Maybe an AIO?

    By all means, go elsewhere. Feel free to come back when you are willing to actually listen to the people who know what they are talking about.

    You can lead a horse to water, but you can't make him drink, and all that.
     
  22. VanGoghComplex

    VanGoghComplex Gawd

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    Okay OP. I'll answer what I can for you.

    Ambient temperature: 22°c
    Coolant temp at idle: 24°c
    Coolant temp under load, after saturating: 30°c

    This in a system with a 7700K and a 1080, both overclocked, 3x140mm of radiator, and a single DDC pump.
     
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  23. Killerxp100

    Killerxp100 Gawd

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    It's the douche of the week!

    For some 1+2 will never = 3, no matter how many times you try to explain it.
     
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  24. Nobu

    Nobu [H]ard|Gawd

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    look at threads documenting sub-ambient cooling projects--they likely have the answers you want. A chiller will likely be the easiest/cheapest means, the method depends on you and your circumstances. I've no first-hand experience, so this is the best advice I can give.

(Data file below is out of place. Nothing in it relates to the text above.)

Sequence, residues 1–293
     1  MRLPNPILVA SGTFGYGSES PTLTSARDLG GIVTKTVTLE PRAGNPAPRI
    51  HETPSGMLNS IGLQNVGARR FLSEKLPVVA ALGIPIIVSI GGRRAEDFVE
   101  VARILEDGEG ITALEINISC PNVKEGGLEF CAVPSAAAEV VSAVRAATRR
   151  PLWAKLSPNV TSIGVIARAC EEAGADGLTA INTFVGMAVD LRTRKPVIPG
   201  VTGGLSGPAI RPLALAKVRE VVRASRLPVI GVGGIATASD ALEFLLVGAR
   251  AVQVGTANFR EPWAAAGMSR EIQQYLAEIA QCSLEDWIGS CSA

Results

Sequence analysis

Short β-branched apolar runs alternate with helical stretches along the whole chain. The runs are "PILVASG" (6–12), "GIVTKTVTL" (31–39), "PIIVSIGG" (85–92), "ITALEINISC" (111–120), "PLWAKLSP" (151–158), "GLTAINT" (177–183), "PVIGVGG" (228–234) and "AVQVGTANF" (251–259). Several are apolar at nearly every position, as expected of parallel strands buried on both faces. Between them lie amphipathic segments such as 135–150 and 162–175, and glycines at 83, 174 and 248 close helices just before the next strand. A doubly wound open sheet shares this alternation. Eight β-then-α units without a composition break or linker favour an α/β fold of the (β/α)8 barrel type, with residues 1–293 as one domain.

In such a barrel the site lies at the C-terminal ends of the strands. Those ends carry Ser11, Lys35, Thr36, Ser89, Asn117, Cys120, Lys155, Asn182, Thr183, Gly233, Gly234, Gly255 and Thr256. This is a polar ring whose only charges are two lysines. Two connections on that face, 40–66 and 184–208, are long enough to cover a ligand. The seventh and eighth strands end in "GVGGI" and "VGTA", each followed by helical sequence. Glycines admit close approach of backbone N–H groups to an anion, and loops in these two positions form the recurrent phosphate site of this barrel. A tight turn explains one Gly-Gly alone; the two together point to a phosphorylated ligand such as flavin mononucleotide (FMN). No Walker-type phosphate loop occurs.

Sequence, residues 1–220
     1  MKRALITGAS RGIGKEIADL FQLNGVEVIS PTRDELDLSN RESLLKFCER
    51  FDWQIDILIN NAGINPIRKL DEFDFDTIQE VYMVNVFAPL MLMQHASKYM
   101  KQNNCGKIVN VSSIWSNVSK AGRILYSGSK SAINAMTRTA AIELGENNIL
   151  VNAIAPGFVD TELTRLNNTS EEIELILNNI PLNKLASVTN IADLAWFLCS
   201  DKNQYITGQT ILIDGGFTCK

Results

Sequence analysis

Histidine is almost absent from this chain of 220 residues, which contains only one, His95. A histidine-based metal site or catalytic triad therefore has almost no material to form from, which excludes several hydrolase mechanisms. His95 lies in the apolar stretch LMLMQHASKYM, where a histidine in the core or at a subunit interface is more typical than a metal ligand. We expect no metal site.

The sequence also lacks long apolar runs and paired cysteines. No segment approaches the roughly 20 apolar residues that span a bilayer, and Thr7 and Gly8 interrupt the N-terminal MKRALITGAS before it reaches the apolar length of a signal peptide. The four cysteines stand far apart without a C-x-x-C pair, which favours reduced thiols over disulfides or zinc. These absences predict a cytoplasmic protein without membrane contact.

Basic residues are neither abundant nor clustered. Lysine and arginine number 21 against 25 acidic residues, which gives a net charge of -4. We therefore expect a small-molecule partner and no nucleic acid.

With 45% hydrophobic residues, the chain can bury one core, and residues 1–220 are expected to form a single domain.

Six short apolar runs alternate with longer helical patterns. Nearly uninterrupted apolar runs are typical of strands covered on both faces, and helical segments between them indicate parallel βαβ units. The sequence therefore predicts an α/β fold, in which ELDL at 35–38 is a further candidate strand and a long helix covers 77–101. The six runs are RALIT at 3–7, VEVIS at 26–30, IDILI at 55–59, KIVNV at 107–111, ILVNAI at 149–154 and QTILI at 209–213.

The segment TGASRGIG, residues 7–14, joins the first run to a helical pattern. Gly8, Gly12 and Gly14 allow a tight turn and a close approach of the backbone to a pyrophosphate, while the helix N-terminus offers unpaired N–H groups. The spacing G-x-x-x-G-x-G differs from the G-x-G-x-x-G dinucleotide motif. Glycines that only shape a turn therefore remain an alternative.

25. Tsumi

    Tsumi [H]ardForum Junkie

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    It is not nonsense. What you are failing to comprehend is that although the temperature between inlet and outlet doesn't change much at a high flow rate, the temperature of the coolant rises as load increases, and this is where the heat transfer occurs.

    Scenario A with low flow rate: Temperature delta between inlet and outlet of CPU (and thus radiator) is 5 C. Temperature of coolant is thus fluctuating from 25 to 30 C. CPU to CPU block delta is 40 C, thus CPU operates close to 70 C.

    Scenario B with high flow rate: Temperature delta between inlets and outlets is very close to 0. Temperature of coolant stays at a fairly constant 27.5 C. CPU therefore operates at 67.5 C.

    In reality, scenario A will have a higher operating temperature because heat transfer is not a linear rate.

    In any case, listen when multiple people tell you you are wrong. Odds are they are right.